REGIONAL— Minnesota needs to step up its investment in renewable energy to head off the worst effects of climate change, while it works at the same time to adapt to the climate changes that are …
REGIONAL— Minnesota needs to step up its investment in renewable energy to head off the worst effects of climate change, while it works at the same time to adapt to the climate changes that are already inevitable due to the build-up of greenhouse gases.
That’s the upshot of a new report by the Interagency Climate Adaptation Team, a group of Minnesota state agency leaders focused on adapting to climate change. The report, Adapting to Climate Change in Minnesota, says many of the effects of climate change, such as much warmer winters and heavier rainfall events, are already apparent in Minnesota and will only increase in scale and intensity over time.
Based on recent climate data, the report highlights the changes that are already occurring in Minnesota’s climate. The report cites the rapid decline in the severity and frequency of cold weather outbreaks and increase in extreme rainfall events as the two most definite signatures of climate change in Minnesota.
“Many people are surprised to learn that much of the observed temperature increase in Minnesota has not resulted from more warm weather, but instead from major reductions in cool and cold weather,” states the report. “The majority of Minnesota’s warming has taken place where and when it’s usually the coldest— namely during winter, at night, and especially in the northern parts of the state.”
One of the most notable changes is the increasing rarity of minus-40 degree temperatures in northern Minnesota. Minus-40 degree temperatures used to occur in about 90 percent of northern Minnesota winters. Yet over the 22 most recent winters, only 60 percent have seen a temperature reading of minus-40, and those readings are typically limited to the coldest locations in the region.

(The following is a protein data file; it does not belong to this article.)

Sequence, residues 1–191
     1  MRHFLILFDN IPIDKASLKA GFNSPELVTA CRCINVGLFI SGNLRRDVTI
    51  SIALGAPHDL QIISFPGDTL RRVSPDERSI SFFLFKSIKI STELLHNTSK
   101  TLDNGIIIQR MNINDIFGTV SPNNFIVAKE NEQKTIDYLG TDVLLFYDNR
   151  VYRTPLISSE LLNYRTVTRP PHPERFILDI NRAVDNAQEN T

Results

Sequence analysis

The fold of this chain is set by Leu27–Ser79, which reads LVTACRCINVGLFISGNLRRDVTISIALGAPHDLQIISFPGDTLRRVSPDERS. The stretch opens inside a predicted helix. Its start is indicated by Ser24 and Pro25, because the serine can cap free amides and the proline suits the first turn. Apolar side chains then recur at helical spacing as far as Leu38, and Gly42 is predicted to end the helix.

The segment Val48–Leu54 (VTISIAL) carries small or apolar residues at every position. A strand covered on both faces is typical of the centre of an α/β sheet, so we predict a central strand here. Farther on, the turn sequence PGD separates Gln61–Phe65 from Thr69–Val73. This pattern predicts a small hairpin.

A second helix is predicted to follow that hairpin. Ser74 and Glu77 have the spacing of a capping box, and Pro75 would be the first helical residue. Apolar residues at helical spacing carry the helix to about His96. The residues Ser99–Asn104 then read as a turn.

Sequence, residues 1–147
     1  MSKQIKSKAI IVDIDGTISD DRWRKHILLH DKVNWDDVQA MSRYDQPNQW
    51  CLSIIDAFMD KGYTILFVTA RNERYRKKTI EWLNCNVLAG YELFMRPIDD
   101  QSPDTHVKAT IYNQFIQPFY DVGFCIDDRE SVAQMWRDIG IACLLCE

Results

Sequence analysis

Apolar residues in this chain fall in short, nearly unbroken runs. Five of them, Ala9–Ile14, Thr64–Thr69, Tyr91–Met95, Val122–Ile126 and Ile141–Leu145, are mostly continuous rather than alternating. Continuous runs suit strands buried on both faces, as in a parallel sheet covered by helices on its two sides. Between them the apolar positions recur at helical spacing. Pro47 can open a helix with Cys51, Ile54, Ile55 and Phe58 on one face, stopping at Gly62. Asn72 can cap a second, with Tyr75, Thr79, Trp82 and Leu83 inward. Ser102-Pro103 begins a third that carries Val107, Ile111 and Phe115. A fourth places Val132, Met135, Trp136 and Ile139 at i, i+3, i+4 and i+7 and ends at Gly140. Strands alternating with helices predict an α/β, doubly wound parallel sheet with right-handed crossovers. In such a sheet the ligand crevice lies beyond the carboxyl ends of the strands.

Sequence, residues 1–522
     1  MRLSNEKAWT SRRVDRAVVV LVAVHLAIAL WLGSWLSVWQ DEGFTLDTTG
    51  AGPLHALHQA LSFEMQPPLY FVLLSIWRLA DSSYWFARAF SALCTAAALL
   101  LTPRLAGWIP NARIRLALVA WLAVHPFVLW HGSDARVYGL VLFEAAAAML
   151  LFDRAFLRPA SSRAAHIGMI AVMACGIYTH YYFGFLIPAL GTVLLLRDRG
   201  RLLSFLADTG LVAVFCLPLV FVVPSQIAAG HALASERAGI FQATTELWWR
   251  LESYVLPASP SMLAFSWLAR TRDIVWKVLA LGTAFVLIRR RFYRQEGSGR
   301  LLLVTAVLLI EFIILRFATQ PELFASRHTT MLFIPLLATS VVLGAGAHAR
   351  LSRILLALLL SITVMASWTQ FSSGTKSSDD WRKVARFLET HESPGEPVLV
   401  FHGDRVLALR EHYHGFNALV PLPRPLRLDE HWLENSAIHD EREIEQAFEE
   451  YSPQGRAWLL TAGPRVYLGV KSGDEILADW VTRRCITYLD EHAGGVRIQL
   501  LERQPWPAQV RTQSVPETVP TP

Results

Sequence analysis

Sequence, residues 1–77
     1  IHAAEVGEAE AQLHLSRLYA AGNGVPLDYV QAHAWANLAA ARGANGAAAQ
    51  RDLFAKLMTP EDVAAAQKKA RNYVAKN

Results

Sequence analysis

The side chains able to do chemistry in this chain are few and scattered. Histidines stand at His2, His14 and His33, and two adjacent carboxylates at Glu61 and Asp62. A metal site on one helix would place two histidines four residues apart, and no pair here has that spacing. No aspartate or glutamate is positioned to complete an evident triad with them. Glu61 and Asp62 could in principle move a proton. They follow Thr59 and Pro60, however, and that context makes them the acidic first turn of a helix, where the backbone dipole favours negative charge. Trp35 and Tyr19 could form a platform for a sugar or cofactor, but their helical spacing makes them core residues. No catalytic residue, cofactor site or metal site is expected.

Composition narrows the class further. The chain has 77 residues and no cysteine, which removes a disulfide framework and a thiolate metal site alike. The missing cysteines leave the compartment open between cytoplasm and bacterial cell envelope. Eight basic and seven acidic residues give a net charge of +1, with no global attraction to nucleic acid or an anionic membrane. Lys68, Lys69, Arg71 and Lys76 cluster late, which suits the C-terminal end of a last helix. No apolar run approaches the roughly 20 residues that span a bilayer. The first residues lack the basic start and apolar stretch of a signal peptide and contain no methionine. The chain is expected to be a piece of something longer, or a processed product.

While the decline of minus-40 degree readings may qualify as good news to most Minnesotans, the impact of that change on northern Minnesota could be dramatic, according to Lee Frelich, a forest ecologist with the University of Minnesota. “If climate change did nothing other than eliminate a few hours of minus 40-degrees each winter, it would still cause huge changes,” said Frelich, who notes that the extreme cold once typical in a northern Minnesota winter is a critical threshold that keeps a number of potentially devastating insect pests under control.
Indeed, according to a recent paper produced by Frelich, titled Seven Ways That a Warming Climate Can Kill the Boreal Forest, uncontrolled insect invasions are the most likely way that boreal forests could be wiped out as a result of climate change.